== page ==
Why Bush Comments Frighten Beijing

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TIME.com: What impact will President Bush's latest comments on Taiwan have in Beijing?

Jaime Florcruz: The most optimistic scenario is that the Chinese will simply understand these pronouncements as similar to campaign rhetoric rather than a policy shift. I've already heard one Chinese think-tank representative offer that explanation. The flip side of that, though, is to embrace the idea that you can’t take seriously the pronouncements of the U.S. president. And that's a very serious situation. When you have policy makers in Beijing trying to decipher the new Bush administration's China policy, you can't afford to be seen to flip-flop — President Bush says something at 5pm, at then at 8pm another official is talking, toning down and revising what the commander-in-chief just said. That is confusing and scary for policymakers in Beijing.

China's official reaction denouncing the comments was predictable. Bush’s comments put him on a slippery slope, because they diverge from the "strategic ambiguity" tack that has defined the relationship for Washington all these years. Republican and Democrat administrations — including President Bush's father — have since Nixon's opening to Beijing embraced "strategic ambiguity" on Taiwan.

Although some people in Washington make the argument that Taiwan has changed fundamentally since that policy was adopted, and that the geopolitics of the Taiwan Strait have changed so much that the policy should be changed. Others are not convinced that anything has changed to the extent that requires rethinking "strategic ambiguity." And there's always the danger of giving Taiwan a signal that they have carte blanche to do what they will and the U.S. will defend them. Taiwan may take that as a signal to push the edge of the envelope on independence, and provoke Beijing to seek a military solution.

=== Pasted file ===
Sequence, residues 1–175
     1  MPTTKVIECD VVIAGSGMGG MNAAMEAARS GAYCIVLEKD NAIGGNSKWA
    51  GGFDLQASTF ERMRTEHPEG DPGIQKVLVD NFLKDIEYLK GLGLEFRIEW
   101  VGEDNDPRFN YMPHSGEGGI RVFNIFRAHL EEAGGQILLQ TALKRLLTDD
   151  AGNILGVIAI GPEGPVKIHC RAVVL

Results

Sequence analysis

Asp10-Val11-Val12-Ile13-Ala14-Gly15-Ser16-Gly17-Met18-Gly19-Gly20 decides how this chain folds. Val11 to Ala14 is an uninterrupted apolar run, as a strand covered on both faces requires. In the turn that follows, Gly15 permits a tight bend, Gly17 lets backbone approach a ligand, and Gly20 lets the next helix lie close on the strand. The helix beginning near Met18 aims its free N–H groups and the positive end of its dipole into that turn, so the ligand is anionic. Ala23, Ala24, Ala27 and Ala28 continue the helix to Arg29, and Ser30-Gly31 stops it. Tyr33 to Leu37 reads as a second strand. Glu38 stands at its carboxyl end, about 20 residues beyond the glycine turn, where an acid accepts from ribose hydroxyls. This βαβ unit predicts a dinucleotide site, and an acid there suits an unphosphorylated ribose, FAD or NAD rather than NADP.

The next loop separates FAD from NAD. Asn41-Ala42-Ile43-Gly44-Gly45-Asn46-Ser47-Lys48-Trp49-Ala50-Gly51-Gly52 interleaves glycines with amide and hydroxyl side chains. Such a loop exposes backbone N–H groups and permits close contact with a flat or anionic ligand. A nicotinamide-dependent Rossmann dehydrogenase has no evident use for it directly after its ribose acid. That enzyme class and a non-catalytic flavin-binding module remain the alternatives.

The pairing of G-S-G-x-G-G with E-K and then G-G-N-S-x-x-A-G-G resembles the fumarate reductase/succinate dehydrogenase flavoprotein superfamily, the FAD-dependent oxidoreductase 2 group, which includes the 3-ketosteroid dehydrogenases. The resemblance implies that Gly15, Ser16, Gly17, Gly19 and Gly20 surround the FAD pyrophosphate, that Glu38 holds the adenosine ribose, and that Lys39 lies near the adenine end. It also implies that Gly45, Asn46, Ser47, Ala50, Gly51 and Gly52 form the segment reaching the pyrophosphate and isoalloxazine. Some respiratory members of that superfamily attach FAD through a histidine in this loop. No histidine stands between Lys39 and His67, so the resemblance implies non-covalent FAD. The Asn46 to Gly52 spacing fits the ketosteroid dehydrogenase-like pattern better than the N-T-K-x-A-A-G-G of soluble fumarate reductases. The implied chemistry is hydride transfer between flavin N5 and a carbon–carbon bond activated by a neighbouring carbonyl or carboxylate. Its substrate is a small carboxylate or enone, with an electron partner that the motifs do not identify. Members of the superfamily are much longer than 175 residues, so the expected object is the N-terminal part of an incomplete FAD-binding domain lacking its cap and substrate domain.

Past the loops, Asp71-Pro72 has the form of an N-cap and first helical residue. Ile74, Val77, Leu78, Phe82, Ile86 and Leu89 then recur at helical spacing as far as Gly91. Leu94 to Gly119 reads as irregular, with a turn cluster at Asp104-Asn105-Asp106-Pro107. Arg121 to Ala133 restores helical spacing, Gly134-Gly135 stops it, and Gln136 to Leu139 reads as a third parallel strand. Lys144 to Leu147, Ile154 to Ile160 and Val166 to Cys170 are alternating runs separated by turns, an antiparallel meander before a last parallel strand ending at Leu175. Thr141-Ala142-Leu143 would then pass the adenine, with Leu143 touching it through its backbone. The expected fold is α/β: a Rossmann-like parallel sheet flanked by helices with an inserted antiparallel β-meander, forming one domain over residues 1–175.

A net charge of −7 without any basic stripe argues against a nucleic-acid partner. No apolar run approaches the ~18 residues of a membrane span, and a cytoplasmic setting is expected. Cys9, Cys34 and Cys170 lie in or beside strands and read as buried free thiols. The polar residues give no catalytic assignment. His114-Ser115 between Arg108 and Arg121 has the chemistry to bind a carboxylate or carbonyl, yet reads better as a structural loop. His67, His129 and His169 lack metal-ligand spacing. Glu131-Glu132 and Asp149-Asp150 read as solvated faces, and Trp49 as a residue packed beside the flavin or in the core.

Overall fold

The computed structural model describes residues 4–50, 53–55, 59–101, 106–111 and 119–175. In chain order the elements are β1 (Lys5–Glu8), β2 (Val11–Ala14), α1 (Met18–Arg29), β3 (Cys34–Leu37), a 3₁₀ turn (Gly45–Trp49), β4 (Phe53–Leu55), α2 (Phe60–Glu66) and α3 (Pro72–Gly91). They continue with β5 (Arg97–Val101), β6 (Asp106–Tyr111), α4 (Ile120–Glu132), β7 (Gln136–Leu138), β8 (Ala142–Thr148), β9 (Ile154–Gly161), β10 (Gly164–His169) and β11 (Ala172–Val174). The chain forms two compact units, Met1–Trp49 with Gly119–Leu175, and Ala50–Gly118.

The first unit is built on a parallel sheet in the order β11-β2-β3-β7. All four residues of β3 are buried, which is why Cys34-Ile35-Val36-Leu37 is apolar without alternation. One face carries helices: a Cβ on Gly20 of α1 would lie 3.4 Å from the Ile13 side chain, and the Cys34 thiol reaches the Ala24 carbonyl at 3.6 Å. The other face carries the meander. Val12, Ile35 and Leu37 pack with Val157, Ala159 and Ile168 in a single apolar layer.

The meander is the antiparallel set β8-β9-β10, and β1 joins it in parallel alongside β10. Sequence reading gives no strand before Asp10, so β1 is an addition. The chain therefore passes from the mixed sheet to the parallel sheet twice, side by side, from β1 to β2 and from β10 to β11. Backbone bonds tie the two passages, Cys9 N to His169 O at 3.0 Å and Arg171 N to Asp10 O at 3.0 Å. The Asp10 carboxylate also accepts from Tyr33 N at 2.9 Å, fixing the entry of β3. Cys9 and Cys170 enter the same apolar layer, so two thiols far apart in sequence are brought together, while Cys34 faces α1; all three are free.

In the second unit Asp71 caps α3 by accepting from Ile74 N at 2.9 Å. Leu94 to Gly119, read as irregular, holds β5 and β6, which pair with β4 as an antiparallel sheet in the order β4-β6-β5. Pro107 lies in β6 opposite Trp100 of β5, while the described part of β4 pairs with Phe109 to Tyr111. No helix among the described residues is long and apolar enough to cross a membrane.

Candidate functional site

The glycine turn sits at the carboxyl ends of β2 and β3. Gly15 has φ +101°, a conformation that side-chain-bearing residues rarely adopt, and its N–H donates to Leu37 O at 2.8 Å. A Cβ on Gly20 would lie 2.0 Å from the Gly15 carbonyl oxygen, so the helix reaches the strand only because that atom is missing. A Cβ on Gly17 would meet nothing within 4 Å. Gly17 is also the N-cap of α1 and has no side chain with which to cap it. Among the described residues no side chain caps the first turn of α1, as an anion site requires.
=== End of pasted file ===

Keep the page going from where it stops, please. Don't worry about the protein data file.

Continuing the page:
How might the latest war of words affect the internal power struggle in Beijing?

It will only strengthen Beijing's impression that China policy is now driven by the hawks in Washington. Most of the U.S. officials they've had to deal with from the Bush administration so far have been military types — particularly since the Hainan accident. And it worries Beijing that there is no one at the policy-making level in Washington who the Chinese would consider experts on Chinese affairs.

More worrying, perhaps, is that there are a lot of other obstacles down the road that may make it difficult to improve Beijing’s relationship with the Bush administration — the Taiwan arms sale, the congressional debate over maintaining China's normal trading partner status, the decision over where to hold the Olympic Games in 2008. That gives both sides very little time to put the spy plane issue behind them before President Bush is due to visit China in the fall. Chinese leaders are anxious to see the Bush administration move from campaign rhetoric to realpolitik, allowing both sides to break the impasse in the relationship rather than letting it languish. Because Beijing is entering a very complicated transition period, in which its leaders are going to find it hard to take bold decisions or major risk. And, of course, the weaker they feel, the more defensive and hostile they’re likely to be towards Washington.